PS Adelaide
PS ADL July 21

PS Adelaide was built by George Linklater at Echuca in 1866 for J.C. Grassey and Partners. It was used by the original owners to transport wool to Echuca from nearby sheep stations. It was also a part-time passenger boat, bringing the ladies into town to do their shopping. The Adelaide was purchased by the Murray River Sawmill Co in 1891 (from D Blair, at a cost of ten shillings per each of his 64 shares),  and used as logging steamer.

Capt. William Thompson served as skipper of the PS Adelaide from 1890 to 1912, prior to succession to foreman at the Murray River Sawmills.  Capt. Charles 'Swan' Anderson (1871-1942) served as captain of the Adelaide from 1912 to 1939 (once captain of the PS Melbourne).  In 1938, it cost £9 10p to hire the vessel. Employees of the Murray River Sawmills were employed on board a steamer for a season of five to six months a year, and within the mill for the remainder of the year.

From 1900, the Murray River Sawmill adopted the practice of name their barges by ordinal letter and number of year built. This resulted in the construction of the A11, B22, C24 (later the PV Pride of the Murray), and D26 barges. When sold to Paringa in 1958, the PS Adelaide towed Barges A11 and B22 to Mildura (the A11 was eaten by white ants, and sank to the bottom of the Murray River where it remains).

The PS Adelaide was modified several times during her first seventy years; the deckhouses were rebuilt twice, the hull was replanked twice, and in 1924 the paddleboxes were converted to a more conventional square design.  Adelaide operated as a logging steamer until 1958, before being sold to the South Australia Sawmill Company and leaving Echuca for Paringa. The Adelaide left Echuca on Wednesday 24 September 1958, headed for Paringa, near Renmark, South Australia. The purchasers, A B Rowe and Sons, intended to use the vessel in connection with a mill they planned to establish near Paringa. The Adelaide (under the command of Capt. Norm Collins) towed two barges laden with firewood for the journey. The vessel's only incident was recorded as a near-miss at Nyah; under darkness the Adelaide only narrowly missed the new bridge upstream of the village.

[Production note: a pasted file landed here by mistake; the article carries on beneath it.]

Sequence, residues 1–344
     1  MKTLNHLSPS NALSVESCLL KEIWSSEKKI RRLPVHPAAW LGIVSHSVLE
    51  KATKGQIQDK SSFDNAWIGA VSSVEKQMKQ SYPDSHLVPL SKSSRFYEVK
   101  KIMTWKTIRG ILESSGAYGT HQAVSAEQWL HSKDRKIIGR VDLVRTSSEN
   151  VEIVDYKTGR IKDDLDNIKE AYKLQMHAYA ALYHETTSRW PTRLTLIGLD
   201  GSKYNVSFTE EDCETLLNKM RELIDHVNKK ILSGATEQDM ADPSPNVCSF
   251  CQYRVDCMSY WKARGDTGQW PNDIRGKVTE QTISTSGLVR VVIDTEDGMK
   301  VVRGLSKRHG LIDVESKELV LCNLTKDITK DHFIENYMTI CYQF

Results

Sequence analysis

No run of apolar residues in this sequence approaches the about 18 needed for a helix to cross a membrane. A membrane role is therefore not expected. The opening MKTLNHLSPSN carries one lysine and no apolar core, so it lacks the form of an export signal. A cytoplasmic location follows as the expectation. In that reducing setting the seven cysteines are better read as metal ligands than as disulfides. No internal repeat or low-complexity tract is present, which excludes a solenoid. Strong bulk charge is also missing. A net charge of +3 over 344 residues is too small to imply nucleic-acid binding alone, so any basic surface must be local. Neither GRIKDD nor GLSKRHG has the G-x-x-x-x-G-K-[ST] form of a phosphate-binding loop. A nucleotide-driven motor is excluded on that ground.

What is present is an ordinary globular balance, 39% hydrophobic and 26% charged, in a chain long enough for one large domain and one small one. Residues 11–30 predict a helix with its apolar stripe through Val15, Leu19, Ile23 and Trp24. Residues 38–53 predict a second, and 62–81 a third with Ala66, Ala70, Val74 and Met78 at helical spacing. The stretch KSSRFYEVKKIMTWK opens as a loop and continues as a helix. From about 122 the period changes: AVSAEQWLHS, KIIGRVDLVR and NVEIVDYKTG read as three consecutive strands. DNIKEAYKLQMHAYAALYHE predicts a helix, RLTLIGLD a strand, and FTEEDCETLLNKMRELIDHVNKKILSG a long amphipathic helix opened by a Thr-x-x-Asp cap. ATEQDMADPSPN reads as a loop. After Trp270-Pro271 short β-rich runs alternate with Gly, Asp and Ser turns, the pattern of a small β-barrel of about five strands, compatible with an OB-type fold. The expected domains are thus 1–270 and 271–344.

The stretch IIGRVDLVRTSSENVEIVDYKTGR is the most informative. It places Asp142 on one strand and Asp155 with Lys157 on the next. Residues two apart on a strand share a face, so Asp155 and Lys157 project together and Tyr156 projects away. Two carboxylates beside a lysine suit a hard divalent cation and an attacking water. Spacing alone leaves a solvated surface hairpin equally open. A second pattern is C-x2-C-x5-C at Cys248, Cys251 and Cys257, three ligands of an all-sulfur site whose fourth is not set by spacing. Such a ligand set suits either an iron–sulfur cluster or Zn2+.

Around 1959, the Echuca Apex Club began the first interest in providing a tangibile sign towards its towns' previous involvement in the steamer and logging industries (signified by the placement of a log buggy in the Hopwood Gardens).  The PS Adelaide was purchased by the Echuca Apex Club in 1960, the vessel returned to Echuca, beginning her journey from Paringa on Friday 14 October 1960, under the direction of two skippers: Capt Norm Collins (of Mildura) and Capt. Les Telley (of Woorinen). The PS Adelaide made a triumphant return to Echuca on Saturday 29 October 1960 (slightly after two years since departure).

On Saturday 9 May 1964, current Governor of Victoria Sir Rohan Delacombe unveiled a plaque on the site of the PS Adelaide in the presence of some 300 people, celebrating the handing over of the former steamer to Echuca's Mayor, Cr W A Lynch from Barry Beehag (President of Echuca's Apex Club). The Echuca Council guaranteed in June 1981 to preserve the PS Adelaide in the Hodwood Gardens, opposite the Bridge Hotel, Echuca. However, this was soon reversed in 1984 when the council opted to refloat the vessel in the Murray River.  In 1980, the Echuca City Council received a $150,000 grant from the State Gold Lottery funds, and restoration works began in December 1980. Work was interrupted in 1983 when shipwright K Hutchinson was seconded to caretake the PS Pevensey during filming of All the Rivers Run. The Adelaide was re-introduced to the waters of the Murray River on Sunday 4 March 1984, at 5:20pm. 

By March 1985, the paddleboxes of the vessel had been re-shaped to become semi-circular. At 11:30am on 10 September 1985, the PS Adelaide left her port under her own steam for the first time in 25 years.  With restoration completed in 1985, the Adelaide was re-commissioned by the Prince and Princess of Wales. Following four weeks of refurbishment, the PS Adelaide returned from a prolonged hiatus to regular passenger service from the Port of Echuca over the Queen's Birthday long weekend in June 2021.

Adelaide was one of the fastest paddles steamers on the Murray River. The original engine of the PS Adelaide is a twin-cylinder 30 horsepower nominal steam engine (featuring 14 inch bore and 36 inch stroke), made by Fulton & Shaw (built in Melbourne, Victoria).  The boiler of the Adelaide was replaced twice, the last time in 1936 or 1938. This replacement boiler is a Buchanan & Brock boiler, also built in Melbourne.


Museum info: Echuca Paddlesteamers
Address: 74 Murray Esplanade, Echuca Victoria 3564 Australia
Phone: +61 3 5481 2832

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